‘Catch And Kill’ Architect Details Trump-Boosting Scheme

In the 1990s, Donald Trump famously gossiped to the tabloids about himself, a headline-chaser who desired nothing more than to see his name in lights, or at least in the supermarket checkout line.

But they were Trump’s good old days, a period of clubs and models, long before he ran for president of the United States and had to put an end to the vulgar, party boy yarns he used to tell.

David Pecker, the former publishing CEO whose titles included the National Enquirer, set out his “catch and kill” approach in a Manhattan courtroom on Tuesday in an attempt to boost Trump’s 2016 presidential campaign.

In a then-secret meeting in August 2015, Trump and his former personal lawyer Michael Cohen asked Pecker how he and his magazines might “help the campaign,” the 72-year-old witness said.

Speaking casually to the crowded courtroom, Pecker, who will resume his testimony in the high-profile trial on Thursday, recalled stating, “I would run or publish positive stories about Mr. Trump, and negative stories about his opponents.”

“I said that I would also be the eyes and ears” in service of the campaign, he added.

Under questioning from prosecutors, Pecker told to jurors that in addition to pushing good stories in his magazines, he would warn Cohen of any potentially damaging sources on the move.

In particular, the smooth-talking tabloid man predicted that “there would be a lot of women” trying to peddle tales about Trump because the then-candidate “was well-known as the most eligible bachelor,” despite having married his third wife, Melania, in 2005.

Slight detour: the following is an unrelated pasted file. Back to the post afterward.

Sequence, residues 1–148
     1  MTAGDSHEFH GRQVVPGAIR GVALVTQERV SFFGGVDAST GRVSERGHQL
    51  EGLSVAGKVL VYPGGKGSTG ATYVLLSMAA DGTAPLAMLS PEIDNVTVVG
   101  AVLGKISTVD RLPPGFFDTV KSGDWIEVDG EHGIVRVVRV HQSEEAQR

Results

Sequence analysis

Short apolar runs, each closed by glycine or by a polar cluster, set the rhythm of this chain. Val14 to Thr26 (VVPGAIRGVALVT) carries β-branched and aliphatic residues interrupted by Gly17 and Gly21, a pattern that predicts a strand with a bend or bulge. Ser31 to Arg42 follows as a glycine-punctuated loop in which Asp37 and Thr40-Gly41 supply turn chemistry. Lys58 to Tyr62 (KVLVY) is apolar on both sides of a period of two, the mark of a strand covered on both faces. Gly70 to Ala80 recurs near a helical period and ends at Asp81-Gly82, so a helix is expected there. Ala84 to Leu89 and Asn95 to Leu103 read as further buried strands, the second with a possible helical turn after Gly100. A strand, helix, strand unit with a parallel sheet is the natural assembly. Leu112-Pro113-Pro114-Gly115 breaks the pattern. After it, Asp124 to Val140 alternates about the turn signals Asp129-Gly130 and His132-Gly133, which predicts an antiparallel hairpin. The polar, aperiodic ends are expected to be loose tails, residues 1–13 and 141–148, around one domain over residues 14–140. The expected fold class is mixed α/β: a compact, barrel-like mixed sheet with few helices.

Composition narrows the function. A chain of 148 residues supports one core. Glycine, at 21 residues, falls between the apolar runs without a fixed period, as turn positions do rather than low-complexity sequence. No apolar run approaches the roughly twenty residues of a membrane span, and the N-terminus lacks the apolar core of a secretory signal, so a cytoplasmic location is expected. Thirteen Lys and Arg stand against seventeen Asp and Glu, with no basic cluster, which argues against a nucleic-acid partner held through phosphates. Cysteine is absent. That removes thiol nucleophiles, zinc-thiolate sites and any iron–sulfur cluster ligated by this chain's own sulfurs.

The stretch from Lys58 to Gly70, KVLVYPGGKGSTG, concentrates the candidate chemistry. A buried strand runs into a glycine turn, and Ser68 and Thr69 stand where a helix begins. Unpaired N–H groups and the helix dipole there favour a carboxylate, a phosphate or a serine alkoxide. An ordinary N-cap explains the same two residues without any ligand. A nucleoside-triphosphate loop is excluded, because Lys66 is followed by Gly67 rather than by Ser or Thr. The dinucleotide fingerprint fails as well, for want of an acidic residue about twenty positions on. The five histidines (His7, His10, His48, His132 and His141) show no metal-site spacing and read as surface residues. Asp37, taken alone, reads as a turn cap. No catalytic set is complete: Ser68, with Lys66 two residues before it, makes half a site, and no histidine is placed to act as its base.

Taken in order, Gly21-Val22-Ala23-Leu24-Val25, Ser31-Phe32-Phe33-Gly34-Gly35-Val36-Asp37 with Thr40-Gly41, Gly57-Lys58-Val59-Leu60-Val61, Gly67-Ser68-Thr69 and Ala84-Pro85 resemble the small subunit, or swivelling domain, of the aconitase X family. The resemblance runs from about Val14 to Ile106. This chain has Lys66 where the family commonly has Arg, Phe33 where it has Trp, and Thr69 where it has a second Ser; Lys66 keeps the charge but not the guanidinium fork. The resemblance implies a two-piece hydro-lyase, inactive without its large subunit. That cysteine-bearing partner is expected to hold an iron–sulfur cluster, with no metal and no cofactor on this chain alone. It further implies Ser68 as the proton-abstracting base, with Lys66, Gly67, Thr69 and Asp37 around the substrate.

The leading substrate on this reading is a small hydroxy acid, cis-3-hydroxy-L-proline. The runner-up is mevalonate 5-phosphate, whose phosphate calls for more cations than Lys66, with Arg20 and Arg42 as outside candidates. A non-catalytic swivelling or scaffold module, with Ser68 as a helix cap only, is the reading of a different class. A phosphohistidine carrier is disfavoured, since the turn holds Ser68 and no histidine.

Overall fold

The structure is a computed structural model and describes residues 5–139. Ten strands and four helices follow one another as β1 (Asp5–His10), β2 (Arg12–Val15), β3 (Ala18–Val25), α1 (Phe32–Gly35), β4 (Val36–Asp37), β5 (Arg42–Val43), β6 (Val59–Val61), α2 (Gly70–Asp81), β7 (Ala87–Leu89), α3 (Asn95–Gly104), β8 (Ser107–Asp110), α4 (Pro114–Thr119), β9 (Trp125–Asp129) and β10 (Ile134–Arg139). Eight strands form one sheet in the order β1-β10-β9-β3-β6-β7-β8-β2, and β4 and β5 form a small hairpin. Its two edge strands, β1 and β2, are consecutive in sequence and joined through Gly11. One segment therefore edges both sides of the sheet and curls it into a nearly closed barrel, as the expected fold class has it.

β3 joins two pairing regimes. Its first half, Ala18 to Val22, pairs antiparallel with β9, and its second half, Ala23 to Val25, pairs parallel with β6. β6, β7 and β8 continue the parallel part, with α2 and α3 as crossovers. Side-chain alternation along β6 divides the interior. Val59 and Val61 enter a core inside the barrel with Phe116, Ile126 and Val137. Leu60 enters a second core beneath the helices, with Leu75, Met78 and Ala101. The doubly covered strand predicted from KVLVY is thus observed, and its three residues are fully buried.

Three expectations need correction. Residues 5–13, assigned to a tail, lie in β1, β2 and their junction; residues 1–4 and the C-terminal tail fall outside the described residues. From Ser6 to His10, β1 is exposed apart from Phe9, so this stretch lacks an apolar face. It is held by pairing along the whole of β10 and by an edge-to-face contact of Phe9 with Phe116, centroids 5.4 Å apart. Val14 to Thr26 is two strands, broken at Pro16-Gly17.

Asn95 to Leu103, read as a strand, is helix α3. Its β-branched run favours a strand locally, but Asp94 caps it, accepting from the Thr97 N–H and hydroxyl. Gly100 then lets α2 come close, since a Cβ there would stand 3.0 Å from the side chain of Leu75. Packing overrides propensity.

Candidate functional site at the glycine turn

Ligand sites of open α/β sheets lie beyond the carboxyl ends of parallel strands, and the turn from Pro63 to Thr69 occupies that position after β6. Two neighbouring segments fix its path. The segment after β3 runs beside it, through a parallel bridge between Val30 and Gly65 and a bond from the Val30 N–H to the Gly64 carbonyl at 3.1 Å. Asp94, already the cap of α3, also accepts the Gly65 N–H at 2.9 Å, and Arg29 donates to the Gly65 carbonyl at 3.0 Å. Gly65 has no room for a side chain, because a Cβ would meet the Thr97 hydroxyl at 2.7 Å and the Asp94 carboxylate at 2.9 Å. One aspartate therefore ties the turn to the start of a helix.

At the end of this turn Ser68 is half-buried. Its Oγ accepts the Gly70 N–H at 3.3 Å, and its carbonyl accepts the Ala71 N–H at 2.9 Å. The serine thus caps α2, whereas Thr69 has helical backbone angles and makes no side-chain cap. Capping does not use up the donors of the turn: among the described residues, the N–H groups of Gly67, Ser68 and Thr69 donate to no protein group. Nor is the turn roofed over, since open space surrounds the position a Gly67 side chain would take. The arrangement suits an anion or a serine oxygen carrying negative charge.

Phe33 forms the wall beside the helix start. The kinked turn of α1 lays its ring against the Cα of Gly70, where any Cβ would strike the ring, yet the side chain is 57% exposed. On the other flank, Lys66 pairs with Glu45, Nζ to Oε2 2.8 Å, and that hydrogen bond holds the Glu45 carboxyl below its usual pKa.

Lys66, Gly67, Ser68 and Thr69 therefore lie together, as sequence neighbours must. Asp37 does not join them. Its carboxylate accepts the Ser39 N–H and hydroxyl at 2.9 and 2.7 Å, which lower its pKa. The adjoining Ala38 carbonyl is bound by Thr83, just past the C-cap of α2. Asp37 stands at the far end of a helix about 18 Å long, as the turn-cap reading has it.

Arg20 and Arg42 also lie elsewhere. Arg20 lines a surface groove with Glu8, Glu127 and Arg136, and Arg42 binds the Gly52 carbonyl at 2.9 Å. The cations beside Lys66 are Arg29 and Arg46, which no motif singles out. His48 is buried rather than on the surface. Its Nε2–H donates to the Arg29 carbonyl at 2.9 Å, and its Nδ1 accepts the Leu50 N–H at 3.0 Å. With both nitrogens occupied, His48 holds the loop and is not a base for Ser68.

Trump, on the other hand, “dated the most beautiful women,” Pecker went on to say, “and it was clear that, based on my past experience, that when someone is running for a public office like this, it is very common for these women to call up a magazine like the National Enquirer to try to sell their stories.”

‘Fake news’ sells

Speaking under oath, Pecker, who wore a pink tie and slicked back hair, effectively admitted to trafficking so-called “fake news” for his own and Trump’s gain, while also paying off multiple people whose stories had the potential to harm candidate Trump’s reputation.

He went on to say “popular stories about Mr. Trump” in addition to “negative stories about his opponents” were going to “only increase newsstand sales.”

“Publishing these types of stories was also going to benefit his campaign,” Pecker said. “Both parties benefited from it.”

Pecker offered a portal into the editorial practices of outlets like his own, which had no shame in paying for stories and focused far more on the cover than the content.

“We would do a lot of research to determine what… the proper cover of the magazine would be,” Pecker said.

“Every time we did this, Mr. Trump would be the top celebrity,” Pecker said, describing the magnate’s pre-politician days and pointing to his star turn as the top guy on his own reality show “The Apprentice,” and its celebrity-starring sequel.

In recalling Trump’s first campaign era, the prosecution used hyperbolic headlines attacking the Republican’s opponents, such as “Bungling surgeon Ben Carson left sponge in patient’s brain” and “Ted Cruz shamed by pornstar.”

According to Pecker, such ideas frequently originated with or were modified by Cohen, Trump’s former fixer who is set to testify in the New York state trial.

However, Pecker stated that he intended to maintain his “agreement among friends” with Trump and Cohen “as quiet as possible.”

One of the stories he claimed he buried against Donald Trump had a Trump Tower doorman hawking a false claim that Trump had fathered a child out of wedlock with one of his former employees.

Pecker stated that he believed it was critical to buy the story and keep it quiet for Trump’s benefit, as well as his own.

He said that if the allegation was genuine, he wanted to publicize it “after the election.”

“If the story was true, and I published it, it would be probably the biggest sale of the National Enquirer since the death of Elvis Presley.”

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